Monday, September 19, 2011


I am still on my soapbox so watch out, folks!

The following paragraphs are taken from Penny's Tuppence's blog.  I feel that the information is important enough to pass along.   The links will not work as this is a copy and paste. 

"Alert for Chinese food

"The Canadian Veterinary Medical Association (CVMA) has notified the American Veterinary Medical Association (AVMA) of reports of possible toxicity with chicken jerky treats from China.
The recently reported Fanconi syndrome-like symptoms in dogs are similar to those documented in 2007 by the AVMA, also associated with chicken jerky treats made in China.

The AVMA issued an alert to its members, state veterinary medical associations and allied organizations to 'remain vigilant for illness possibly linked to chicken jerky treat consumption.' "
Dr. Becker recommends you not feed chicken jerky treats to your dog. Select an all-natural, protein based treat like Beef & Bison Bites, or another healthy treat made in the U.S.
As with any treats, they should be fed only occasionally, not routinely. This is especially true for small-breed dogs."
More at:"

Karen in the Woods left a comment this morning.  She asked if the chicken in the chicken and noodles I fixed last night was from the chicken that hitched a ride under the motorhome.  Nope Karen, as far as I know, the girl is fine.  Three people said they would give her a home and we did not see her wandering around as we left.  

It has rained all day making it a lazy, lazy, sleepy day here in the John Bryan State Park.  The deer come and go at will.  Some with their camouflage spots fading.  They seem so small to be going into winter.

There are only 5 campsites occupied tonight.  Couple that with the campsites being quite large and the pads being blacktop for nice, level parking, what else could we ask for?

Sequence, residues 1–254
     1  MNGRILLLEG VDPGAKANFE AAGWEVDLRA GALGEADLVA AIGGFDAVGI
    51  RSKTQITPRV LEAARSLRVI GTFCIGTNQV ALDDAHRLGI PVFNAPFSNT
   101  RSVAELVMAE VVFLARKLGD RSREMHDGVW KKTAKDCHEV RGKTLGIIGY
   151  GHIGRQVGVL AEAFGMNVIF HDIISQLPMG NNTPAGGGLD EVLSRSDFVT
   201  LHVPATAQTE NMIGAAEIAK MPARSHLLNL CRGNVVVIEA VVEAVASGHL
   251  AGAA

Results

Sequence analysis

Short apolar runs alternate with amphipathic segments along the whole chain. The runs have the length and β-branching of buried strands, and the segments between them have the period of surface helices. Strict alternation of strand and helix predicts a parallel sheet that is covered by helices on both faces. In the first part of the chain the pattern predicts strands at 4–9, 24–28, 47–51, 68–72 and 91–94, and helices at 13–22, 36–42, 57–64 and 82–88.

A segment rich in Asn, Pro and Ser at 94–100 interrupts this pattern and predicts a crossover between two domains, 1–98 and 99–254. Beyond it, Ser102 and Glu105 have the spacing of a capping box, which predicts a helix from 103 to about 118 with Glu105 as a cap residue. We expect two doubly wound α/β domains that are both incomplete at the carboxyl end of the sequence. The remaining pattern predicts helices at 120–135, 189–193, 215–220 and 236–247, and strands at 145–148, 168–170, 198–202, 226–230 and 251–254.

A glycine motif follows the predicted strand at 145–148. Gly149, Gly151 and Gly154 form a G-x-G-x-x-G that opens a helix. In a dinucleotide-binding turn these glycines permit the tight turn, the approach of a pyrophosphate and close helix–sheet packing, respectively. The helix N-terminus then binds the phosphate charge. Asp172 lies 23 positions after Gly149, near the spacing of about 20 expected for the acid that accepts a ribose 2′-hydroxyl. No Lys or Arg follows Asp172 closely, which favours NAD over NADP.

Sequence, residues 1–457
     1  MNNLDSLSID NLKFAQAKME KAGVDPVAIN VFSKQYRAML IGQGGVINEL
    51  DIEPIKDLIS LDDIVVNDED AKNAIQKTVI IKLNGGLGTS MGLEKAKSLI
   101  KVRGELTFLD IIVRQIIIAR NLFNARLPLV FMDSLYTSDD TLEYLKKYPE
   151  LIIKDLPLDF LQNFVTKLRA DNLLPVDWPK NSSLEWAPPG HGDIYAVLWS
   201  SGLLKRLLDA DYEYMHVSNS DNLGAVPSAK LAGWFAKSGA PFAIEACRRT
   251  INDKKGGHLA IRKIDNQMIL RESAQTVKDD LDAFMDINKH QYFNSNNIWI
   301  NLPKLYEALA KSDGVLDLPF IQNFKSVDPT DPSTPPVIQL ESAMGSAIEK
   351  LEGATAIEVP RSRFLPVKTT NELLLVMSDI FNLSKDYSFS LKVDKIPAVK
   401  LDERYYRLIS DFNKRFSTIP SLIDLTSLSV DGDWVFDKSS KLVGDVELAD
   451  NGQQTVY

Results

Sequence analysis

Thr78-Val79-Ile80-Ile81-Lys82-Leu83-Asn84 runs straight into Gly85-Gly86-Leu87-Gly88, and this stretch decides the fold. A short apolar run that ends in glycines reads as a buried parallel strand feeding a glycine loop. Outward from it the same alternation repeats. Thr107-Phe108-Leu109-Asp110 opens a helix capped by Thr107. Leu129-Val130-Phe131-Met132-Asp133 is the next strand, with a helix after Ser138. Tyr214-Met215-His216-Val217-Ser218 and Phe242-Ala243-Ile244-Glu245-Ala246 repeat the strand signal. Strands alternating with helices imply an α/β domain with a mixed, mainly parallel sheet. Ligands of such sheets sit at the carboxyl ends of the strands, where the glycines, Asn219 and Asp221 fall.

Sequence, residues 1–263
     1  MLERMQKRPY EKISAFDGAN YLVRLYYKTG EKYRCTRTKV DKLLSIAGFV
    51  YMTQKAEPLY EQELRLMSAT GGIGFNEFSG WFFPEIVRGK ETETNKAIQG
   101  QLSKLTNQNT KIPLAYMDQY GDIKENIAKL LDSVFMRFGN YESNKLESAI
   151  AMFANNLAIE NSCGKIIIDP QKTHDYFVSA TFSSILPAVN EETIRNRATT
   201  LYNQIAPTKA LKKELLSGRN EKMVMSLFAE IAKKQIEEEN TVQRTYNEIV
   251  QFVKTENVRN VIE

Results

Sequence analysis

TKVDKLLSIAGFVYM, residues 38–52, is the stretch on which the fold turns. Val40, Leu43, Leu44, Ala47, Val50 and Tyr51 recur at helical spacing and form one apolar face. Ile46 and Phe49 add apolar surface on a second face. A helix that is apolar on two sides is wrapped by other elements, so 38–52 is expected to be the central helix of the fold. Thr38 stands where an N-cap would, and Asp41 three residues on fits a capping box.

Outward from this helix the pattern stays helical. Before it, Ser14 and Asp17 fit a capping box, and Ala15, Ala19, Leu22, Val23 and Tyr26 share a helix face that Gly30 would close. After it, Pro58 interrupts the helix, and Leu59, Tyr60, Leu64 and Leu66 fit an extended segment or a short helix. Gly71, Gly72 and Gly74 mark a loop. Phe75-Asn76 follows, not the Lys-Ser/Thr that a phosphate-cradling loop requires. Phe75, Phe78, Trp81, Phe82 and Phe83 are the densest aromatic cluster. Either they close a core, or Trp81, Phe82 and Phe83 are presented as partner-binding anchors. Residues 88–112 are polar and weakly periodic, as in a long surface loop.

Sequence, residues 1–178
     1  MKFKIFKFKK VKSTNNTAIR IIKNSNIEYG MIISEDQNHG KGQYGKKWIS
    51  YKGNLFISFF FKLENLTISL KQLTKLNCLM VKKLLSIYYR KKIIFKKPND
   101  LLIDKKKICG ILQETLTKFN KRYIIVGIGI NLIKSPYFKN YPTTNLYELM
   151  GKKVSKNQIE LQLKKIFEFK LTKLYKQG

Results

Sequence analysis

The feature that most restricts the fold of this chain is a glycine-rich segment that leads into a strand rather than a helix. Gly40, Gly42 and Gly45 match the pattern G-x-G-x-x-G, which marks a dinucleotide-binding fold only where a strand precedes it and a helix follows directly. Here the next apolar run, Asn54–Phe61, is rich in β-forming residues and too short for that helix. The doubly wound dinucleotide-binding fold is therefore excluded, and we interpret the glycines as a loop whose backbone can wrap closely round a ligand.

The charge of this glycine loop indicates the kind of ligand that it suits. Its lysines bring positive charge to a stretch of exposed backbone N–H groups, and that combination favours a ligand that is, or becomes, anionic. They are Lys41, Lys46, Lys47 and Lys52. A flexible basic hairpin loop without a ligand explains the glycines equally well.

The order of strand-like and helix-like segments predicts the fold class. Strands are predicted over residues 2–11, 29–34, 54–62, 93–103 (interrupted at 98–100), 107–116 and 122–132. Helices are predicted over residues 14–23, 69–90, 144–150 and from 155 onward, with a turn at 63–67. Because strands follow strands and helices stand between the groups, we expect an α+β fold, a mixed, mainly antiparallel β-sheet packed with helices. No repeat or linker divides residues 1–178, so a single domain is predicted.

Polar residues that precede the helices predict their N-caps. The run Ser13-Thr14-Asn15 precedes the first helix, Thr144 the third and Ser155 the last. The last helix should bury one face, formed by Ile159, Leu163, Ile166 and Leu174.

I have found some new dyes to try.  I am ordering them over the Internet and looking forward to their arrival.  They are dyes that contain no heavy metals and are so good to the environment.  If I like them, I will be selling them on my website and at fiber events.

I am going to be more scientific in my dyeing.  Thus far, with my acid dyes, I have been a throw the dyes in the pot and see what I get type of person.  

Now that my hand spun and hand dyed yarns are selling, I want to have larger lots of colors for people to create larger projects such as wraps, sweaters, etc.  Just more of expanding our business to provide our customers with the best we can find.  

I love it that my hand spun is selling, but that means I need to be spinning, spinning, spinning.  And that's not all bad....well....that's not bad at all!   I just wish that I could spin, crank socks and felt at the same time!  I wonder if the Bionic Woman was able to do hurts!

We did not find a weaving loom that we liked at the Wool Gathering.  We will be looking at them at SAFF in  Asheville, North Carolina in a few weeks.  I am patient, I can wait, I think....

I am also looking for a yardage counter for my yarns.  Right now, I wind the yarn around the lip of my felting table....then I must rewind the yarn into a ball or cone in order to package it or to knit on my circular sock machine.  

Have I ever told you I love all things fiber?  Can you tell?  There is only one weight never goes down.   

That's all for tonight!  Be safe out there!

God Bless!


  1. A regular old fishing line yardage counter is what I use when wounding yarn off of cones onto my skein winder, prior to dyeing the skeins. They're inexpensive and found at any sporting goods store....possibly even a hardware store that sells fishing gear. Seems like I paid between $15-20 for mine and they're easy to use.

  2. I may be asking a lot, but maybe you could post a picture of two of what you're talking about for those of us (me) who don't know what you're doing. I find it fascinating but I have a hard time picturing it.

  3. Glad your little hitchhiker chicken is safe from the pot! LOL

    I used a number of those Shakespeare fishing line counters, but they have tiny plastic gears in them that wear out fast. Instead I just measure around my swift, calculate and count my turns and go at 400 yards for a good skein. Enough for a large pair of socks, and they are a bit larger than what stores sell (which is usually by the gram or ounce.)

    Karen and Steve
    (Our Blog) RVing: Small House... BIG Backyard

  4. How outrageous! This needs to be taken off the market. More research needs to be known about unsafe products. Rhodiola is one I came across recently in this article


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